Alcohol must not be consumed during treatment. As sulthiame is a sulfonamide derivative, it can theoretically have a similar effect as that of disulfiram. These symptoms include a very unpleasant, although generally self limiting systemic reaction caused by vasodilatation, with pulsating headache, respiratory depression, nausea, vomiting, tachycardia, hypotension, amblyopia, confusion, shock reactions, arrhythmias, loss of consciousness and seizures. The degree and duration of these symptoms can vary to a great extent.

Primidone.

The concomitant use of sulthiame and primidone may lead to severe side effects, especially in children, including dizziness, unstable gait, drowsiness and psychotic reactions.

Phenytoin.

The addition of sulthiame to pre-existing phenytoin therapy is shown to be followed by a rise in the serum levels of phenytoin. It has been suggested that this may be due either to inhibition by sulthiame of the hydroxylation of phenytoin or to displacement of phenytoin from a storage site by sulthiame. Phenytoin dosage may need to be reduced when sulthiame is added. This combination requires especially strict monitoring and frequent controls of phenytoin plasma levels, particularly in the case of impaired renal function.

Phenobarbitone.

Sulthiame may also induce a rise in the serum level of phenobarbitone.

Carbamazepine.

There are indications that sulthiame serum levels may decrease if carbamazepine is taken concomitantly.

Lamotrigine.

In combination with lamotrigine, an elevation of lamotrigine levels in the blood has also been observed in individual cases. Therefore, lamotrigine levels should be checked more frequently at the beginning of such a treatment.

Carboanhydrase inhibitors.

Concomitant use of sulthiame and other carbonic anhydrase inhibitors (e.g. topiramate, acetazolamide) may increase the risk of undesirable effects due to carbonic anhydrase inhibition.

Effects on laboratory tests.

Sulthiame may interfere with the estimation of barbiturates in laboratory tests on blood.

Adverse Effects

The following frequency categories are used for the evaluation of adverse effects: very common (≥ 1/10); common (≥ 1/100 to < 1/10); uncommon (≥ 1/1,000 to < 1/100); rare (≥ 1/10,000 to < 1/1,000); very rare (< 1/10,000); not known (frequency cannot be estimated from the available data).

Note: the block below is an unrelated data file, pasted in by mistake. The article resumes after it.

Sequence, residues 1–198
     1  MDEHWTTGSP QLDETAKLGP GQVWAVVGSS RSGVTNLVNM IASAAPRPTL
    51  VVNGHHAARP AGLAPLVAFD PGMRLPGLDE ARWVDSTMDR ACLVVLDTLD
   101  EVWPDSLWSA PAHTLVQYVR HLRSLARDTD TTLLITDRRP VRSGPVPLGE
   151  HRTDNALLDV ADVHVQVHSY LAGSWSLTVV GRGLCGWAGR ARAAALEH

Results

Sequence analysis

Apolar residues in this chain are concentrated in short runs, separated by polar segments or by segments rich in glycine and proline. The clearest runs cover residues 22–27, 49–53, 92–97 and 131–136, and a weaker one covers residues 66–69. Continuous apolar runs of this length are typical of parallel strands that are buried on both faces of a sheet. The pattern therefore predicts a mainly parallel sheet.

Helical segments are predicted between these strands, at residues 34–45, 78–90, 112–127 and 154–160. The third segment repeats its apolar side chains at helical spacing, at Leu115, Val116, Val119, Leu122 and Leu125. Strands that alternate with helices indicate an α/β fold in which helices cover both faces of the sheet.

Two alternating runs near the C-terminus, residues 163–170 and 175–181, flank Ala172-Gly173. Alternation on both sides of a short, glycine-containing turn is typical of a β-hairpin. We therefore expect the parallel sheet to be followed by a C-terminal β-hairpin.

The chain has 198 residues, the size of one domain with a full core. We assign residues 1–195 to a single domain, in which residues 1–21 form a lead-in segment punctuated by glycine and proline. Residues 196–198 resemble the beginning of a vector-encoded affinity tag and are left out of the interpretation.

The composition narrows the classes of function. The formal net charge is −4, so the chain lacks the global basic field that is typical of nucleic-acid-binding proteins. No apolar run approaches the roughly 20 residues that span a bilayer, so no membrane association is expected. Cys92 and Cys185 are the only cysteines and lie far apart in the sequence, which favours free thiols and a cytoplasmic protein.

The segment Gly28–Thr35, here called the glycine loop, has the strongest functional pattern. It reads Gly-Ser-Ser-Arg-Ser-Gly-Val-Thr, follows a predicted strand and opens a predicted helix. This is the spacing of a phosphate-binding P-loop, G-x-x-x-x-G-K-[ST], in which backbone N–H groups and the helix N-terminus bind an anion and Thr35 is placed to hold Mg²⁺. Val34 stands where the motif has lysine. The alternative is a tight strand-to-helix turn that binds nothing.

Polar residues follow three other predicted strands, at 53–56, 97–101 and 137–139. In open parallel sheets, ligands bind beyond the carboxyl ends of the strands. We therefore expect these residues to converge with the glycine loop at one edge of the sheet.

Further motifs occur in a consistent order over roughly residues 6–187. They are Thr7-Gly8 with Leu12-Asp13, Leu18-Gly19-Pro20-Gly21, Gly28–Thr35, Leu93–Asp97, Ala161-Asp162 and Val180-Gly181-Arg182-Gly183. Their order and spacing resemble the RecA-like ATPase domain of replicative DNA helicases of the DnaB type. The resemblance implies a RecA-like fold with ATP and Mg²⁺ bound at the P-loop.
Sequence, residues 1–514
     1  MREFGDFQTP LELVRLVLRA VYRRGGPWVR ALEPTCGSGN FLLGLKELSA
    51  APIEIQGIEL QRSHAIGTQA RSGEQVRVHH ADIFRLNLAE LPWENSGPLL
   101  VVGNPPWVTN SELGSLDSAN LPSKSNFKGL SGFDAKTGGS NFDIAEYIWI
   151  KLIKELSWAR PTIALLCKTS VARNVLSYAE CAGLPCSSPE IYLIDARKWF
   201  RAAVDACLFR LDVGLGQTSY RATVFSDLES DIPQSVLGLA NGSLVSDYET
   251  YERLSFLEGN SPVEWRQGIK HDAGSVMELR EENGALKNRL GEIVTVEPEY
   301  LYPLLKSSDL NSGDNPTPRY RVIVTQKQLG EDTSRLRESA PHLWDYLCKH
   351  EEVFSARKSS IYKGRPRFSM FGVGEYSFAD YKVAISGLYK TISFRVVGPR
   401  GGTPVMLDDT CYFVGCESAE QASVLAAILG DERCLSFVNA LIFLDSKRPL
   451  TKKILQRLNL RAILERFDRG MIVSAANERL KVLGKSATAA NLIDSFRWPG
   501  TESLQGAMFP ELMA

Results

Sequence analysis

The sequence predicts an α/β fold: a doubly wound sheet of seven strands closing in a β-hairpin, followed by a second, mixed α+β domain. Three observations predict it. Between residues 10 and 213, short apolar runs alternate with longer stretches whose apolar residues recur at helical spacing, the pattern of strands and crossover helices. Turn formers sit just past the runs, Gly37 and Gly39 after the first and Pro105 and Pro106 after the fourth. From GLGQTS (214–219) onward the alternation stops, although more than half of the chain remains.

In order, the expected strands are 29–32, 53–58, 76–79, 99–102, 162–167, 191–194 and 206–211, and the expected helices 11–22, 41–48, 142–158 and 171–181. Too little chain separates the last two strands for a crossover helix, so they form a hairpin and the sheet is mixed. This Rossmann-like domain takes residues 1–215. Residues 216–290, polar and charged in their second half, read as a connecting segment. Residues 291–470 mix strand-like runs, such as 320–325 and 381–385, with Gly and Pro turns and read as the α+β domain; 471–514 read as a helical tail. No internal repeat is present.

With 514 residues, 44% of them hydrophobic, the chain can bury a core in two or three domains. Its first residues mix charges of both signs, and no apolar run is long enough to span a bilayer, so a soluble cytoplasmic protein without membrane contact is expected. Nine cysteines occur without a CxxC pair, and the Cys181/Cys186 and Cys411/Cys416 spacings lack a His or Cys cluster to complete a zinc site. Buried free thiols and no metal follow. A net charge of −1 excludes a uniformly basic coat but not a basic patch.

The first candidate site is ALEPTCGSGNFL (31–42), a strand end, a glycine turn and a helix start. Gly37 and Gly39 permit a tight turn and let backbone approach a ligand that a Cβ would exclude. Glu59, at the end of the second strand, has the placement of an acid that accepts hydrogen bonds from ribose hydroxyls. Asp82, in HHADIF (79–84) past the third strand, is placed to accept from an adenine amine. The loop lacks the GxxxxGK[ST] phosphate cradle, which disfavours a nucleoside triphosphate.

Metabolism and nutrition disorders.

Very common: anorexia. Common: weight loss.

Psychiatric disorders.

Uncommon: hallucinations, anxiety, lack of drive, psychic changes, depression, behavioral anomaly.

Nervous system disorders.

Common: ataxia, paraesthesias in the extremities and in the face (dose dependent), dizziness (giddiness). Uncommon: headache, myasthenic phenomena, grand mal status, increased seizure activity, drooling, insomnia. Not known: polyneuritis.

Eye disorders.

Common: double vision.

Cardiac disorders.

Common: stenocardia, tachycardia.

Respiratory, thoracic and mediastinal disorders.

Very common: hyperpnoea, dyspnoea. Common: tachypnoea, singultus.

Gastrointestinal disorders.

Very common: gastric complaints (in about 10% of patients). Uncommon: abdominal pain, nausea.

Hepatobiliary disorders.

Not known: hepatotoxic reactions, increase of liver enzymes.

Skin and subcutaneous disorders.

Uncommon: Stevens-Johnson syndrome. Not known: rash, Lyell's syndrome.

Musculoskeletal and connective tissue disorders.

Uncommon: joint pain.

Renal and urinary disorders.

Not known: acute renal failure.

Blood and lymphatic system disorders.

Uncommon: leucopenia.
In one case, administration of Ospolot led to progressive weakness of the limbs, hypersalivation, slurred speech, increasing drowsiness up to coma. The symptoms abated within hours of Ospolot being discontinued.
Sulthiame is a carbonic anhydrase inhibitor. Therefore, undesirable effects of carbonic anhydrase inhibition, such as renal stone formation, metabolic acidosis, haemodilution and changes in serum electrolyte values, cannot be excluded during administration of sulthiame.
Disturbances in calcium and vitamin D metabolism have been occasionally reported in association with long-term anticonvulsant therapy.

Dosage and Administration

Caution should be used when establishing dosage in the presence of renal or hepatic impairment.
Treatment should start with a low dosage which is gradually increased until clinical response is satisfactory. This may require four weeks. Ospolot tablets should preferably be swallowed whole with a little fluid after meals.

Adults.

Initially 100 mg twice daily or 50 mg three times daily (optimum: 200 mg three times daily).

Children.

Initially 3-5 mg/kg daily in equal divided doses (optimum: 10-15 mg/kg daily in equal divided doses).

Overdosage

Clinical features have included vomiting, hypotension, headache, vertigo, ataxia, metabolic acidosis with hyperpnoea and catatonic state.
There is no specific antidote. Treatment consists of general supportive measures including intravenous fluids. The urine should be rendered alkaline to prevent crystalluria; forced alkaline diuresis may promote elimination of sulthiame. There is no information on the applicability of dialysis.
In Australia, contact the Poisons Information Centre on 131 126 for further advice on overdose management.

Presentation

Tablets (white, round, film coated), 50 mg (marked 50, plain on reverse, AUST R 18847); 200 mg (marked 200, scored on reverse, AUST R 18848): 200's (bottle).

Storage

Store below 30°C.

Poison Schedule

S4.